A short title sequence reminds us that Verbier is one of the
world’s most famous ski resorts. This most satisfying recital
was filmed at the sixteenth annual music festival that also
takes place there.
Chanson d’avril makes a lovely opener, though in that delightful
song, and in Franck’s more sombre Nocturne which follows, Miss
Graham has not quite got into her stride. What is obvious though,
right from the outset, is the warm complicity between the singer
and her accompanist, and Malcolm Martineau’s immensely subtle
and sensitive playing brings great pleasure throughout the recital.
The third song is an adaptation of Saint-Saëns’ famous orchestral
piece. The text uses peasants and barons, sex and death, to
point up a moral of social equality! It’s light-hearted and,
like all Saint-Saëns, well conceived both for the piano and
the voice. Its placing here in the programme is a sign of the
care the artists have taken to construct a programme both varied
and balanced. They call it a “tasting menu”, referring to the
fact that it is made up mainly of single songs by many different
composers. One might think such a formula would be bitty and
difficult to bring off. The songs are arranged skilfully, however,
with sufficient link and contrast, both musically and by theme,
to make a satisfying whole. I think even a well-informed lover
of French song might find one or two new ones here. And the
programme certainly pleases the Verbier audience.
“Les cigales chantent mieux que les violins”, or so Chabrier’s
delightful song tells us, and see how delightfully Graham “plays”
the piano postlude with her eyes, along with her excellent pianist.
Duparc’s Au pays où se fait la guerre is a young woman’s
passionate lament at the absence of her soldier lover whilst
she is left alone to await his return. Ravel’s Le paon
follows, and though we might be surprised now that the first
performance of the cycle from which it is taken provoked a riot,
we hear, nonetheless, something altogether new, both in the
writing and the daring choice of text. Susan Graham brilliantly
captures the mocking irony of this miniature masterpiece, as
she does, even more so, in the Caplet song that follows. And
this is perhaps the moment to say that her French – a horrible
language for any singer other than a native French speaker –
is so good that it’s a perverse pleasure to point out that she
mispronounces the word “leçon” in this song.
Singer and pianist conjure up a suitably melancholy atmosphere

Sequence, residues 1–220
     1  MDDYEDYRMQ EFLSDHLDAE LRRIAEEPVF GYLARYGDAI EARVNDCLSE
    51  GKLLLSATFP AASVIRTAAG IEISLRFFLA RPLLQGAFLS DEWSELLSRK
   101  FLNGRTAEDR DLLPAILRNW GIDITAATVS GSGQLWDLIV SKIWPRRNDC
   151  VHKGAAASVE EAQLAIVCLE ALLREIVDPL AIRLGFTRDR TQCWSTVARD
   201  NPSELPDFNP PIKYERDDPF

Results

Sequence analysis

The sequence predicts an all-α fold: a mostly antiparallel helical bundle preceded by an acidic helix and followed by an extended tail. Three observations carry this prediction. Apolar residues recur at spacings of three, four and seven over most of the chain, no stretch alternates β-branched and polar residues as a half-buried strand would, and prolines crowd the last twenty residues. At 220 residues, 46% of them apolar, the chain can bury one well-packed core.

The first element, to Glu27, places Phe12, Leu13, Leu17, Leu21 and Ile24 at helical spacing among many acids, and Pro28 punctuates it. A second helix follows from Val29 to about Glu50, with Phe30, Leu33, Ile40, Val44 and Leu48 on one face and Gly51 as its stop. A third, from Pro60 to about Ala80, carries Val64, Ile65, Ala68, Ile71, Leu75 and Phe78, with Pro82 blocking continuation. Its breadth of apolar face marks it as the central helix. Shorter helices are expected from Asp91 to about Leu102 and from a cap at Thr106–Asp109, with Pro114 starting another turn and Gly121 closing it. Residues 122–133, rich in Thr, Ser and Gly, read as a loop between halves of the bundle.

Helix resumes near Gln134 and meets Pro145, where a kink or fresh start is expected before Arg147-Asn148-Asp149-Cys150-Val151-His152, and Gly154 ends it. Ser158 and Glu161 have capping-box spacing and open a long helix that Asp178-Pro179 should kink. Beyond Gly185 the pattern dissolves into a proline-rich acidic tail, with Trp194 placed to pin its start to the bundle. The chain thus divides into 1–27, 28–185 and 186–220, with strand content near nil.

in two songs dealing with unhappy love affairs, where the harmonic
astringency of Roussel leads into some unmistakeable Debussy.
After this, Fauré’s wordless song, written as an examination
piece for the Paris Conservatoire, comes as something of a relief.
A short group of lighter songs follows, beginning with Honegger’s
three-song cycle that, in spite of its minuscule duration, evokes
a world of human emotion. Quite what the final “Song of the
Pear” has to do with the mermaids in the other songs is something
I’m still pondering, though. Manuel Rosenthal’s song about an
unwelcome immigrant in Calais is a brilliant recital piece:
singer and pianist lose no opportunity to act out its comic
storyline. Miss Graham’s operatic experience has already been
in evidence earlier in the recital, and she relies on it here,
and even more in the final item of the programme. The excellent
booklet note by Paula Kennedy quite rightly points out that
Poulenc’s La Dame de Monte-Carlo is not really a song at all,
more a short operatic scena. The character, female, aging, disappointed,
fits Poulenc like a glove, and the use of irony and an unlikely
setting to express serious and profound human issues is typical
both of that composer and of much of modern French music. It
is a fine piece and this performance of it is very moving. Reynaldo
Hahn’s cool A Chloris, with echoes of Bach in the piano part,
is a most effective encore.
The sung texts are in French and if you want to practise your
French still further you can switch on the French subtitles.
Otherwise, translations are provided for English, German or
Japanese speaking viewers.
The recital is simply but effectively filmed, with no tricks.
One particularly effective camera angle shows us Miss Graham
from the side, whilst at the same time revealing her accompanist’s
face. That said, the back cover of the booklet announces a CD,
Onyx 4030, on which these same artists duplicate almost exactly
the same programme, as well as one or two extra songs. I haven’t
heard the Onyx disc, but since I don’t feel that in the present
case the visual element really adds very much, I think I might
be more tempted by it than I am by this admittedly excellent